3. Back in late August 1997, I flew down to Memphis to do some articles on Express Airlines II, now known as Pinnacle Airlines.  The company, which flew as Northwest Airlink, had been privately held, but was bought by Northwest Airlines. Its headquarters had just moved from Atlanta to Memphis, and then-CEO Phil Trenary, who had been brought in to take the airline to the next level, was optimistic about the future. Fast forward to now, where the airline is teetering on the edge of a Chapter 11 filing, reports the Commercial Appeal.  “Unless we have long-term agreements in place, the best way for us to improve our financial performance and ensure a viable future for our company may still be the court-supervised Chapter 11 process I explained earlier,” wrote CEO Sean Menke in a letter to Pinnacle’s employees.
  4. I want to thank Huffington Post for this story on why we really need to keep our cell phones off in flight.  The International Air Transport Association (IATA) wrote in a confidential report that was leaked to ABC News “that between 2003 and 2009 errant electronic signals caused 75 incidents of “possible electronic interference” on airplanes, 40 percent of which were attributed specifically cellphones.”
  5. I’m a big fan of KLM’s efforts to incorporate social media as a way to reach out to their customers.  When I flew the carrier from Washington Dulles to Geneva in May 2010, I sent out a tweet about watching movies on the flight. The airline tweeted back a link to their movie selection and continued to check on me via Twitter until the end of my flight.  But I’m not sure about this latest initiative, which allows passengers to use Facebook or LinkedIn profiles to help select their seatmate, reports the New York Times.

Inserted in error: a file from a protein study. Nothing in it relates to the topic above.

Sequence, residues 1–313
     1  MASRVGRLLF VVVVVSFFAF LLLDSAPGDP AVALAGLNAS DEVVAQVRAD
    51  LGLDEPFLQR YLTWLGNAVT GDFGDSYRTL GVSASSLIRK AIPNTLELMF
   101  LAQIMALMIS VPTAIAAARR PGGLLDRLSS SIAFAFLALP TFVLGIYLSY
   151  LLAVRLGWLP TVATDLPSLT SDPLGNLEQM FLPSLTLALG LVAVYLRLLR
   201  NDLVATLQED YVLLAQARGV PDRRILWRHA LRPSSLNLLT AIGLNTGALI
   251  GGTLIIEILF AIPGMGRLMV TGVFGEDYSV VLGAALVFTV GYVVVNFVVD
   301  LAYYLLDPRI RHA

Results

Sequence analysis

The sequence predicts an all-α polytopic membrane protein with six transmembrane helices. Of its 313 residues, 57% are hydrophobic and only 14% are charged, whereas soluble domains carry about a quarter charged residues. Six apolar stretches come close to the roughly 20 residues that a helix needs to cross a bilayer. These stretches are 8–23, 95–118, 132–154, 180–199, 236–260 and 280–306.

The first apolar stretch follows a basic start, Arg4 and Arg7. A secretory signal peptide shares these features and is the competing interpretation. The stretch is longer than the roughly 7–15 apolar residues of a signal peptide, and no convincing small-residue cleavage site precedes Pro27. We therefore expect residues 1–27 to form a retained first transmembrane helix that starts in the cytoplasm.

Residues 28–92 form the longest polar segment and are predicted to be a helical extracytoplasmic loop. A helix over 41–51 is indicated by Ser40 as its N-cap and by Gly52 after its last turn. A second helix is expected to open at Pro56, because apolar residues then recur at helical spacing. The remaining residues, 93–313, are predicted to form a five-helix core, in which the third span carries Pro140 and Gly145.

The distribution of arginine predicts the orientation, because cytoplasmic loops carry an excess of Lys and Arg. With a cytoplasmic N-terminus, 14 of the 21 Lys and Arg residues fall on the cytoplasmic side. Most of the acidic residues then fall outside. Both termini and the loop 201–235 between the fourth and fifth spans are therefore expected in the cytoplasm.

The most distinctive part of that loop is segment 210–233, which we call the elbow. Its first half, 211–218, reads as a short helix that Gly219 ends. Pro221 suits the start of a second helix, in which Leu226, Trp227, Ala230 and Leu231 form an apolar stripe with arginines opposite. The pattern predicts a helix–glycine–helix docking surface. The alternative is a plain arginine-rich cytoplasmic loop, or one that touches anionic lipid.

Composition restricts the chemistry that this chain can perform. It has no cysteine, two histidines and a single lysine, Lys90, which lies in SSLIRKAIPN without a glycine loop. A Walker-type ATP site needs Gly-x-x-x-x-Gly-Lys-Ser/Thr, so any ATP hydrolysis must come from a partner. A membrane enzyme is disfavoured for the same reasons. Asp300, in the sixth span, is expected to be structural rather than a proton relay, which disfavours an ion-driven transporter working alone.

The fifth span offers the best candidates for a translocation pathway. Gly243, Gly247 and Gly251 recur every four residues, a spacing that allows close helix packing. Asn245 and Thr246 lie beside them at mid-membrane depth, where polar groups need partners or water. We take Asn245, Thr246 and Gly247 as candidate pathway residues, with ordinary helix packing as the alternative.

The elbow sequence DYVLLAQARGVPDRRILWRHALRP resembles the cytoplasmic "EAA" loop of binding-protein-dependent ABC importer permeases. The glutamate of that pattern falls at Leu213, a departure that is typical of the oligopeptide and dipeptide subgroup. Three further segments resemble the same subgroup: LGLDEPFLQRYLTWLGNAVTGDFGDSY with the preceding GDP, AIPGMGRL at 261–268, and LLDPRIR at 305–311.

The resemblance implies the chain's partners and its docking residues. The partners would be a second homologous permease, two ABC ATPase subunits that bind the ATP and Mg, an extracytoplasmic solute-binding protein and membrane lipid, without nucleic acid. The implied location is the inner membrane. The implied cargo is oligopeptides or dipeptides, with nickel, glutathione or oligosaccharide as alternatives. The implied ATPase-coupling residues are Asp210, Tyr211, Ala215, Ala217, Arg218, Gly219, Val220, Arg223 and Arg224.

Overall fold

Last week I wrote two posts on Pinterest – one on how I’m using the boards to show off my love of travel and one on what travel-related Pinterest members you should be following.  Since the second post, some of my favorite aviation/travel folks have joined up.  They include:

 

Random Aviation Photo

23 Feb

Back in July 2008, I was attending an airports conference in Chicago. As part of the conference, we got to take a great tour of Chicago Midway Airport.  I saw a lot of the Southwest Airlines fleet there, and I was lucky enough to get a snap of two Boeing 737s, including the one dedicated to the State of Maryland.  Enjoy!

My (Travel/Aviation) Interest In Pinterest